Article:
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Summary:

A few days ago a Found|READer introduced me to Ben Yoskovitz and his Instigator Blog. It’s awesome. I had other plans for posting to the site today, but then I found Ben’s piece on the defining factors of a leader, entitled: 10 Essential Business Leadership Skills. […]

A few days ago a Found|READer introduced me to Ben Yoskovitz and his Instigator Blog. It’s awesome. I had other plans for posting to the site today, but then I found Ben’s piece on the defining factors of a leader, entitled: 10 Essential Business Leadership Skills. Everyone can benefit from reading this. As Ben says,

Truth be told, not everyone is a leader. It’s just not meant for everyone. And that’s OK.

But more people are leaders than they realize. Leadership takes on many different faces; it’s just a question of understanding how you lead and why.

Then Ben offers 10 key skills you’ll need to succeed as a leader. We share them here, abridged:

  1. Lead By Example. … One of the best ways to lead is by example – pitching in where needed, lending a helping hand, and making sure that the work you do is clearly understood by your team.
  2. Passion. [This] doesn’t mean you have to be constantly cheery, it means you’ve got to believe in what you’re doing and what your company is doing.
  3. Be Organized. … If you’re frazzled and messy, your team will be too. When you’re organized you’ll be much more productive and so will everyone else.
  4. Delegate. A great leader needs to be able to delegate effectively. The key [in the words of 2 great minds]
    • “Don’t tell people how to do things, tell them what to do and let them surprise you with their results.” – George S. Patton.
    • “Delegating work works, provided the one delegating works, too.” – Robert Half
  5. Take Ownership and Responsibility. Although you’ve just delegated work and truly given your team ownership, you also have to take ownership and responsibility at all times.
  6. Communicate Effectively. Communicate to employees how their work matters in the bigger picture [and] communicate success … people need affirmation. Be precise. Insecure leaders will often ramble. Whether you’re giving praise, providing constructive criticism, or defining goals … figure out how much to say and in what order. Get to the point.
  7. Be Brave and Honest. The project your team has worked on for 6 months just got shelved. Now what? You have to talk to someone about their lack of effort recently… Tell it like it is. Don’t sugarcoat, don’t obfuscate. Don’t be a jerk either. You have to learn how to present things to your team in an honest but balanced manner.
  8. Great Listener. If all you want to do is talk, you’re not a leader…When you listen more, you can respond more effectively and get to the heart of things much faster.
  9. Know Your People. You do have to know what makes them tick…Keep track of simple things: birthdays, marriages, children, etc. The more you know your people the more common ground you’re likely to find, the more you’ll be able to connect.
  10. Be a Follower. Benjamin Disraeli said, “I must follow the people. Am I not their leader?”… Being a leader-follower means finding value in your team, getting inspired by your team, encouraging your team to communicate, brainstorm and be open.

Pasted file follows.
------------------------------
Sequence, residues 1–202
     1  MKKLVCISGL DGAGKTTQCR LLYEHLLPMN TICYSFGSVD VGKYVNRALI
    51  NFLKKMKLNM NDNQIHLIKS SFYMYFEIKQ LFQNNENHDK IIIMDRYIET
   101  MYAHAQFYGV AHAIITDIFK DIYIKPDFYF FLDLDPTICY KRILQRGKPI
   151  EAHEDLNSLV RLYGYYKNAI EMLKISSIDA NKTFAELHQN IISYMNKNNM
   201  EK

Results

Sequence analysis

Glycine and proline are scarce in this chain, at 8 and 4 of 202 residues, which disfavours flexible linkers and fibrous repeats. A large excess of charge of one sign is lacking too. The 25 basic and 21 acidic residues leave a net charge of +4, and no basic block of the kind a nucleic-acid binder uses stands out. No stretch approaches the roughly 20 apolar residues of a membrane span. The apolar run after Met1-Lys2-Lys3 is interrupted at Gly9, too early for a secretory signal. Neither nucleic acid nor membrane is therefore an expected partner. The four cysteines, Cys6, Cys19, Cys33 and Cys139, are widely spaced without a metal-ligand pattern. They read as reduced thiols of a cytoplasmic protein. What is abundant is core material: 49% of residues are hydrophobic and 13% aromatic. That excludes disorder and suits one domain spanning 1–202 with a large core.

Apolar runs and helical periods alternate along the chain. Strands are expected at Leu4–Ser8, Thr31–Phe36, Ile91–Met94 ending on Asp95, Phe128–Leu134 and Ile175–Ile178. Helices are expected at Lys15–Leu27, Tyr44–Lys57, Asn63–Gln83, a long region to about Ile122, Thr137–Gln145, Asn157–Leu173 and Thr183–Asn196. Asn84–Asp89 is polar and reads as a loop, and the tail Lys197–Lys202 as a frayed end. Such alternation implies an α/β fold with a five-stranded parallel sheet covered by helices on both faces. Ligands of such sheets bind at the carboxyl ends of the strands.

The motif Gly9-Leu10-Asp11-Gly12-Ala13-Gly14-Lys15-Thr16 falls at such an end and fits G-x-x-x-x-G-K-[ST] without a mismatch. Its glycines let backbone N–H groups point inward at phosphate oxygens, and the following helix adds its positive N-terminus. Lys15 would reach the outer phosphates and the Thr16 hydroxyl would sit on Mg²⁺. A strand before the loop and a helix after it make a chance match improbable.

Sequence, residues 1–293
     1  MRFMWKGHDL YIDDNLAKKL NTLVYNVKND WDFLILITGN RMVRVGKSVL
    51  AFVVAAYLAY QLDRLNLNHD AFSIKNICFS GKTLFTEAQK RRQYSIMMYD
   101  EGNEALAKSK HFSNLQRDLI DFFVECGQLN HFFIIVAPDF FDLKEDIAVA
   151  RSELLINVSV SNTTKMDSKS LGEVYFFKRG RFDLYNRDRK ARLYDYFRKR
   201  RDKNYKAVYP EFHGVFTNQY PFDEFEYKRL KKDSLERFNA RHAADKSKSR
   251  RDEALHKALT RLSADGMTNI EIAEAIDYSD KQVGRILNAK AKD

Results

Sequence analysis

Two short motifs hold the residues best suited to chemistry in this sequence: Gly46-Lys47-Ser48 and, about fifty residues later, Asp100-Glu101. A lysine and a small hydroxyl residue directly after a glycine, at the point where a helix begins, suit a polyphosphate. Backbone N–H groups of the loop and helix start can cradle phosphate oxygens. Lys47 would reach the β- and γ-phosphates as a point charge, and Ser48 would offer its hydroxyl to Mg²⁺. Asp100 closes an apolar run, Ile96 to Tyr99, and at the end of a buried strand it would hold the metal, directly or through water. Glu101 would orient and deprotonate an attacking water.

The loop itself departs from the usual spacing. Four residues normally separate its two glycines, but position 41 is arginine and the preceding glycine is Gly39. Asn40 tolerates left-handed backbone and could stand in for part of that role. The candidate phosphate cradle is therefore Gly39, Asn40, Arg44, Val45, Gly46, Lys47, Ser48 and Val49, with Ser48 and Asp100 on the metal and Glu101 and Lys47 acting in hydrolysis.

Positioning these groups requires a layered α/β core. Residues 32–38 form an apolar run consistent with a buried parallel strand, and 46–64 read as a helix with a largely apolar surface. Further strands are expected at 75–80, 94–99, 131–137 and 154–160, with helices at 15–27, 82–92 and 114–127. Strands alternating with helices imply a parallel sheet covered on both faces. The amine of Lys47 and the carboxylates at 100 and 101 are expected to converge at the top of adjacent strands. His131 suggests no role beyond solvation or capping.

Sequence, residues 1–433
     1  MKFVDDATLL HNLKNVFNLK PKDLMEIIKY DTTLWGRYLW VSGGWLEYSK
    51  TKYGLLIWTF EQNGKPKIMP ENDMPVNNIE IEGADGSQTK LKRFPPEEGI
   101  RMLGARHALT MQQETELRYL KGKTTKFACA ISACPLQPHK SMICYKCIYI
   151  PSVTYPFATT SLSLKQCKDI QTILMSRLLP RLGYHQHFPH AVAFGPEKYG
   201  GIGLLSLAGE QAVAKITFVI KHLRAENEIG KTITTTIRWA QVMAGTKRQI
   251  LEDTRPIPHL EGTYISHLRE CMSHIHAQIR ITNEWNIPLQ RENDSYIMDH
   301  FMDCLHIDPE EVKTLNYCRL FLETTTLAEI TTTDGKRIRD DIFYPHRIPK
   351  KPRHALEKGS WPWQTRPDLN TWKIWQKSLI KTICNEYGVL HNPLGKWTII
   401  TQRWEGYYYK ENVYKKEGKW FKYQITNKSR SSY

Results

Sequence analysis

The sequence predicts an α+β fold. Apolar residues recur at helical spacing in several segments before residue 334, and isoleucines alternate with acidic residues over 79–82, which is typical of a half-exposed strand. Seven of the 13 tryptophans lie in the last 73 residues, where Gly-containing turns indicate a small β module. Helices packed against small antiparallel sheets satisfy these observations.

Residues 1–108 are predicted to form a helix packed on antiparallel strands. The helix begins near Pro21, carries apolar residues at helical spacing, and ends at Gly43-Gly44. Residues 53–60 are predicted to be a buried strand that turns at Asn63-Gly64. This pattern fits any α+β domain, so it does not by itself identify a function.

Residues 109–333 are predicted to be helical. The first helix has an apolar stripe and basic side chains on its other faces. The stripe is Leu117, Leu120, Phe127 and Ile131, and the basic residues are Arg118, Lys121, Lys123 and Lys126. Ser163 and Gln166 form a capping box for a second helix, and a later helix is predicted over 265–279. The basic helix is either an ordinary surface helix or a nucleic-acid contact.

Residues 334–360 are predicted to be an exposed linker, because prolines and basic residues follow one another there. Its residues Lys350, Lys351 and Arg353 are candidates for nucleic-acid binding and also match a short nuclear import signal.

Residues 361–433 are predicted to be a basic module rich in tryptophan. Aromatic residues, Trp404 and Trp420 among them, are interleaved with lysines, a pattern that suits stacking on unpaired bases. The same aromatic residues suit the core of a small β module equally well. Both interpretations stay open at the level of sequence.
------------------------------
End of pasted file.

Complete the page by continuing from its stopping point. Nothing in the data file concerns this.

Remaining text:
You’ll definitely want to read Ben’s entire post. There much more great advice in it.

But remember, as Ben points out in his conclusion,

“Very few people are great leaders overnight. It takes time and practice. As long as you’re open about learning along the way and working with your team on leadership versus dictating to them, most people will be happy to go on the journey with you.”

Print out our summary and paste it to your wall. Or put it in your wallet. Or commit it to memory. (I have done just this.) Re-reading it periodically will help you keep tabs on your progress as a leader, as well as help you measure the quality of the “buy-in” you have from your staff at different stages. That “buy-in” is equally important; whether your team is “on the journey with you” will be a huge determinant of the ultimate success of your business — not merely your success as a leader.

In other words, if you find, through Ben’s test, that you’re not a good leader, that’s OK. But then find someone who is a good leader to head-up your company.

If you can do that, you’ll stand an equally good chance of being successful with your business. You don’t have to be the leader to be successful as a founder. You do need to know what good leadership is.

By Carleen Hawn

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  1. The one that I need the most work on is number 3.

    I’ve got passion, I can delegate, my desk looks like I was just ransacked by a particularly messy bugler.

    I just had a visit from a funder, and I cleaned and organized for an hour before he got here. I don’t know if I’m being more productive today, but I feel a lot better.

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  4. Great points.
    We usually find all these points everywhere, so beaten-to-death. We all know it and we all can be leaders but unfortunately are not bold enough and prefer not to come out of our cocoons!

    Funny point:- if everybody is a leader, who is the follower then!

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  5. [...] only way to truly live, to achieve success as a manager, artist, factory worker, actor, CEO, mother, father, friend-is to do it with abandon. [...]

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  7. hmm,

    i learn a lot of things of this paper..

    ~~>

    thank you very much, i feel better than before.

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